The big news happened shortly after 2:30 p.m. EST, when Chairman Powell responded in the follow-up press conference to a reporter asking whether something even larger than a half-point increase in the funds rate could happen within the next few meetings. He said that a +75 basis point increase was not something the Committee was actively considering. The Federal Open Market Committee believes that something like +50 basis points in each of the next two meetings seems appropriate given current readings on inflation, the labor market, and overall financial conditions.

Heading into the meeting, the equity market was concerned that we might see an even more aggressive tightening path than what was recently being signaled by the policy authorities. News that a 75 basis point rate hike is off the table immediately launched the S&P 500 3% higher. Treasury yields also fell across the curve, particularly for the shorter-dated maturities.

So where does that leave us? The Fed is deeply concerned about the elevated level of inflation and will continue to raise interest rates in order to help moderate these pressures. The funds rate has risen by 75 basis points since March 2022, and the Chairman said that he views current interest rate expectations as appropriate. Given what fixed income futures are currently pricing, this suggests that the Fed is set to lift the policy rate by somewhere close to another 200 basis points in the five meetings remaining before the year closes out.

I’m 10+ years out from retirement.  Do I need to do anything?

Probably not. Historically, equity markets have risen more than they’ve fallen, and the data speaks for itself — studies have shown that moving in and out of the market (i.e. market timing) may often mean limited gains and increased losses for investors. Investors tend to sell at the onset of sudden volatility, causing many to miss out on any subsequent market rebounds.

Your objective as an equity investor is to achieve growth-like returns exceeding that of cash or savings. This pursuit of long-term gains comes at the occasional cost of short-term declines.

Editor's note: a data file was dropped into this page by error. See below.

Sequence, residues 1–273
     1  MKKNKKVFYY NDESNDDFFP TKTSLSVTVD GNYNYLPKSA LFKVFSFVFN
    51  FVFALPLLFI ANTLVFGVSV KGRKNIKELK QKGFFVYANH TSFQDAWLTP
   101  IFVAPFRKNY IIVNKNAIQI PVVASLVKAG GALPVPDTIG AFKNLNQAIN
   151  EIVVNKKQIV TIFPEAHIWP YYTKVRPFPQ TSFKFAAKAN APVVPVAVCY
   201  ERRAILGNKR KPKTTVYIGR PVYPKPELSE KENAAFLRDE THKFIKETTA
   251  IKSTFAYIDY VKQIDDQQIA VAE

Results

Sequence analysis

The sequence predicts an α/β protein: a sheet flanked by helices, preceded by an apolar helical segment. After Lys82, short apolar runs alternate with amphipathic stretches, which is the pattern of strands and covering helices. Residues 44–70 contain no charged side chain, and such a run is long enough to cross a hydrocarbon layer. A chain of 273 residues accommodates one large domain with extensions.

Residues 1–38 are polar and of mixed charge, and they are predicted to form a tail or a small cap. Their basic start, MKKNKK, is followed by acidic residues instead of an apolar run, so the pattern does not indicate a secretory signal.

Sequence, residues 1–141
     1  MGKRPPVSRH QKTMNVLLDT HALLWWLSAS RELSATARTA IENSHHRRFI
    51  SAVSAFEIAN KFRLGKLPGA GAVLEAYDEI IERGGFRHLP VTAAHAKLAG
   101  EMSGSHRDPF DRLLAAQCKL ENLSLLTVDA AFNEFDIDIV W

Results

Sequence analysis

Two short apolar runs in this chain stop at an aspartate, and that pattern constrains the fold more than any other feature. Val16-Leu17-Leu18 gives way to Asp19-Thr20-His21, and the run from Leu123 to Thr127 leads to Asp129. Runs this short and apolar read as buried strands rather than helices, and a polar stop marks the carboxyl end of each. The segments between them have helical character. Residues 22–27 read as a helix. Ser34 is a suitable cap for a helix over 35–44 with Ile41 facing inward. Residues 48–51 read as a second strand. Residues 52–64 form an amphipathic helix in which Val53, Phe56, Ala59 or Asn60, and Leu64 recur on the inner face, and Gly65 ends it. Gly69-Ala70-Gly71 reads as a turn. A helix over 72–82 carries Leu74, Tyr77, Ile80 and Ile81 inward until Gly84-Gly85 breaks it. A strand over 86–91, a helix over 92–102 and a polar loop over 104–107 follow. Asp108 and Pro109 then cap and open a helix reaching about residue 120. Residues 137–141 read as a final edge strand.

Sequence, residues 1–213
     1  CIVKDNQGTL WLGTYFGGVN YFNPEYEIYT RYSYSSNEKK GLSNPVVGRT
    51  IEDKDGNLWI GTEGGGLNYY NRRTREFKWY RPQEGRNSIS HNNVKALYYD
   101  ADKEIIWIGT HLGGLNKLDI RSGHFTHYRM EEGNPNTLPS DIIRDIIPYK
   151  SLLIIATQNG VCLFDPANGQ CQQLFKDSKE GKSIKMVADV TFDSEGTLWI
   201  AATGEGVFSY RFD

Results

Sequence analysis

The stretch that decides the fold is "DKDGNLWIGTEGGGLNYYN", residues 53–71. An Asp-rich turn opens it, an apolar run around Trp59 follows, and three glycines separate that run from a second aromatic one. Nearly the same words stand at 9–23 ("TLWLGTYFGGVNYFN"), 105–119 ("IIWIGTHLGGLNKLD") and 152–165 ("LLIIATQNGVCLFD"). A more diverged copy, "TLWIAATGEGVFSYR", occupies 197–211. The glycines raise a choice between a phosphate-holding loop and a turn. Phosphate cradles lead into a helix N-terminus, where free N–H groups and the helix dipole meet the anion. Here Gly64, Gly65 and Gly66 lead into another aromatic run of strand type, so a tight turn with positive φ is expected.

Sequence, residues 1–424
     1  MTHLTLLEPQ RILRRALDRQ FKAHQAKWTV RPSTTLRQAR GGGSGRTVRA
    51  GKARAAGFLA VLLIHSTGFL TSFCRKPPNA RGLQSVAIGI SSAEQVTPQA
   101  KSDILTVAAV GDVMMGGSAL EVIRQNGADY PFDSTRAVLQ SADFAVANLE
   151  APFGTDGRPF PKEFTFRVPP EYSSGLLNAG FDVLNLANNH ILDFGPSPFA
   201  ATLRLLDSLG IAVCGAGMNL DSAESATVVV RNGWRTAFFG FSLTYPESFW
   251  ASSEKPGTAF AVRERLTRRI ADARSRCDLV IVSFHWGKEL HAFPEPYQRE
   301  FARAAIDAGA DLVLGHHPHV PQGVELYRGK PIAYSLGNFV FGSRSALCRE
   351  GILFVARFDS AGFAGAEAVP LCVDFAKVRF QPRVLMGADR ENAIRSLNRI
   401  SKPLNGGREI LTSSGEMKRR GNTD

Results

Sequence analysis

Your portfolio was constructed based on your risk tolerance and investment objectives. Downside risk is addressed in your portfolio by annual rebalancing and by allocating your money into different asset classes, sectors, and geographies.

If are you contributing monthly to your portfolio, the decline has the benefit of averaging down the cost of your purchase. If you have cash on the sidelines you’ve been meaning to add to your long-term savings, this decline has created a potential buying opportunity.

Please contact us if you wish to discuss your portfolio in more detail.

I’m about to retire or am retired. Do I need to do anything?

Probably not. Your portfolio construction should reflect your pre-retiree or retirement status. We have likely identified your short-term cash flow needs and set this aside in a safer “cash-wedge” portion to your portfolio. We are likely exposing you to safer equities through low-volatility or dividend funds.

Please contact us if you wish to discuss your portfolio in more detail.

Do you have any other resources on monetary policy?

If you wish to learn more about the connection between central banks and financial markets, we encourage you to read our article on monetary policy written last fall.


Despite our emotions regarding the market, when we look through a historical lens, we can see that markets rebounded from negative factors impacting their performance, and eventually surpassed their previous highs.

























If you wish to discuss your investment mix or portfolio strategy in more detail, please do not hesitate to contact us.